Trademarks or religious symbol!

Wilmette Baha’i Organization Threatens Minority Baha’is through Court Action.

  The National Spiritual Assembly of the Baha’is of the United States (NSA), located in Wilmette, Illinois, has called upon the United States District Court for the Northern District of Illinois, Eastern Division to hold in contempt members of minority Baha’i organizations (the Orthodox Baha’i Faith and the Baha’is Under the Provisions of the Covenant-two separate and distinct entities) who, the NSA claims, are in violation of an injunction its predecessor obtained some 40 years ago against a rival Baha’i body.

  In legal documents provided to the court on December 6, 2006, the NSA claimed that members of the current minority Baha’i groups are bound by the 1966 Judgment. While not providing any specifics with regard to how the minority bodies have harmed the majority body, the NSA contends that the websites of the smaller organizations are doing irreparable damage to the NSA.

  The basic contention of the NSA is that the members of the minority groups are violating the NSA's alleged trademarks on the name "Baha’i" and the religious symbol of the "Greatest Name", and it seeks from the court a ruling which would prohibit the minority members from using the alleged trademarks to the detriment of the NSA.

  The NSA seeks to restrain both those individuals who at one time were even remotely associated with the enjoined rival Baha’i body and any 'nonparty' members who have since developed different Baha’i organizations.

  Those members of the minority group who call themselves Orthodox Baha’is, to distinguish themselves from the members of the majority organization, state that the trademark by the Wilmette NSA on the "Greatest Name" is the equivalent of a Christian denomination trademarking the Cross and then saying that no other Christian congregation can use that symbol in their activities or in their contacts with others.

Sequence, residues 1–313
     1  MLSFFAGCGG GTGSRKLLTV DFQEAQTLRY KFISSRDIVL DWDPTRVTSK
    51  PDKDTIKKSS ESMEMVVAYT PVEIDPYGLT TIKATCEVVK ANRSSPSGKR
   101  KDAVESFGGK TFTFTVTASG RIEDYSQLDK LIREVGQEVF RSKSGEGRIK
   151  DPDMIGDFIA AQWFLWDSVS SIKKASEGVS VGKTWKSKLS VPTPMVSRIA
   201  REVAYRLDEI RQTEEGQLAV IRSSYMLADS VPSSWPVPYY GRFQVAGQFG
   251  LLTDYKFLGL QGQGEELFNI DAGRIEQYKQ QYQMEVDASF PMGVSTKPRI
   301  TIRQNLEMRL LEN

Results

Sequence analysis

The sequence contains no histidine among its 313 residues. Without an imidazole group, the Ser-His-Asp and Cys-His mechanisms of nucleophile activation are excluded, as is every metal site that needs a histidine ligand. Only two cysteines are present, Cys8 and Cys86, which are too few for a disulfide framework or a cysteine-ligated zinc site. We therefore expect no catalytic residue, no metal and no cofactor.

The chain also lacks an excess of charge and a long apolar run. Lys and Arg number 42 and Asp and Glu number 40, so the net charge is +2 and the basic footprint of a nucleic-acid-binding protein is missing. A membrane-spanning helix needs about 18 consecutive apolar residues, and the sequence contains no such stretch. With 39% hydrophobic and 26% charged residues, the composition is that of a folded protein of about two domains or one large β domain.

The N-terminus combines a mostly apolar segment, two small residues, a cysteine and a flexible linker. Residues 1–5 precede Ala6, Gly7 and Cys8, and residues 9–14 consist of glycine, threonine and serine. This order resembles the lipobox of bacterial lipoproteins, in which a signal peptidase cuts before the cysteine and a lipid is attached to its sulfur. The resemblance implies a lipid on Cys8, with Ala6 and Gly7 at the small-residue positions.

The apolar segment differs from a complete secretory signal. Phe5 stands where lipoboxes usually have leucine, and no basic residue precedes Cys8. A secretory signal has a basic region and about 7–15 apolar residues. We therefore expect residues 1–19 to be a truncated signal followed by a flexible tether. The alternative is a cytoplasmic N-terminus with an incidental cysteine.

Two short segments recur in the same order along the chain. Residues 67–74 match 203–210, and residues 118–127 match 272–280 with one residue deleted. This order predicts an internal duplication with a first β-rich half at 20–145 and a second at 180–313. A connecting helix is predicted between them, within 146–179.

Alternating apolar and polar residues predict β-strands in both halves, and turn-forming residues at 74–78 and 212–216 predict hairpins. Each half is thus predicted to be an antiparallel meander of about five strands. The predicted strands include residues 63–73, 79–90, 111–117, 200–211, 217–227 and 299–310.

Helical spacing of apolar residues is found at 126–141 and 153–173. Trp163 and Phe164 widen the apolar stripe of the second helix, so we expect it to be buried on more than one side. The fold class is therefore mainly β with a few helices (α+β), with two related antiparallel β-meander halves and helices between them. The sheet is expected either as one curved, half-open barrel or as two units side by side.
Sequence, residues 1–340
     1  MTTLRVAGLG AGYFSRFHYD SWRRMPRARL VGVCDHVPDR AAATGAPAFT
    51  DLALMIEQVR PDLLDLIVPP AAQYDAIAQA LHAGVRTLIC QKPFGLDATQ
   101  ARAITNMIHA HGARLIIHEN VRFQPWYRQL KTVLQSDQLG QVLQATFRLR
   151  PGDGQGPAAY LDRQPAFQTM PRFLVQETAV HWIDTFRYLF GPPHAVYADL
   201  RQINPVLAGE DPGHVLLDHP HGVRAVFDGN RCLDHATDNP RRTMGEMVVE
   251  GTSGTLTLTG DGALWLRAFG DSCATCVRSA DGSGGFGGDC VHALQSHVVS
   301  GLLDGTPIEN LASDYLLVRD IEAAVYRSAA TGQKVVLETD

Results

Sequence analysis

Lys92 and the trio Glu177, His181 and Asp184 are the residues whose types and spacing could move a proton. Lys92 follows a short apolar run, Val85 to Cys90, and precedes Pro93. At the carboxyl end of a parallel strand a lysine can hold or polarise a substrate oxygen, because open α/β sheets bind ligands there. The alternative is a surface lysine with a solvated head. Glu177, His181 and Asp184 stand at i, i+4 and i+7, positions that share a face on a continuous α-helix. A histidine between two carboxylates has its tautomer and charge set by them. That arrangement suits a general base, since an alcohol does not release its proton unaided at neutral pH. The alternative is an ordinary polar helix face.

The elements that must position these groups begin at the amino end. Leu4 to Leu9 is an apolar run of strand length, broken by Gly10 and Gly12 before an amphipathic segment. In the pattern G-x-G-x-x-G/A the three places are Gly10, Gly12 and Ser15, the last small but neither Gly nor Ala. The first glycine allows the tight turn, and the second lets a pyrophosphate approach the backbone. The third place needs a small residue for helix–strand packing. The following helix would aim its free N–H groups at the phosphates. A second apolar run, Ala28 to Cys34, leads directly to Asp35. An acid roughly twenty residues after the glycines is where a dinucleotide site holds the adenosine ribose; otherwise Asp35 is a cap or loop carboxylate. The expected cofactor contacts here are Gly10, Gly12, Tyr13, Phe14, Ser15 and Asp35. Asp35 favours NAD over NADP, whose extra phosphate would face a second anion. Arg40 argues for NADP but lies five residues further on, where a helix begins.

Additionally, Orthodox Baha’is maintain that the name "Baha’i" is in the public domain and cannot be the exclusive property of one organization. They say that like the name "Christian" and "Muhammadan", which refer to followers of Christ and Muhammad respectively, the name "Baha’i" refers to a follower of Baha’u’llah, who all Baha’is acknowledge as the latest Prophet from God.

  For some 35 years the Orthodox Baha’is have been employing the name "Baha’i" in their newspaper and magazine publicity and in the telephone Yellow Pages, and during that time the NSA has made no move to implement the provisions of the injunction that the majority organization is now using to seek contempt citations against members of the minority groups. Should the NSA be successful in its efforts to curtail their activities, Orthodox Baha’is contend that, for them, the First Amendment of the Constitution is no longer valid.

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Reference: http://trueseeker.typepad.com/true_seeker/court_case.html

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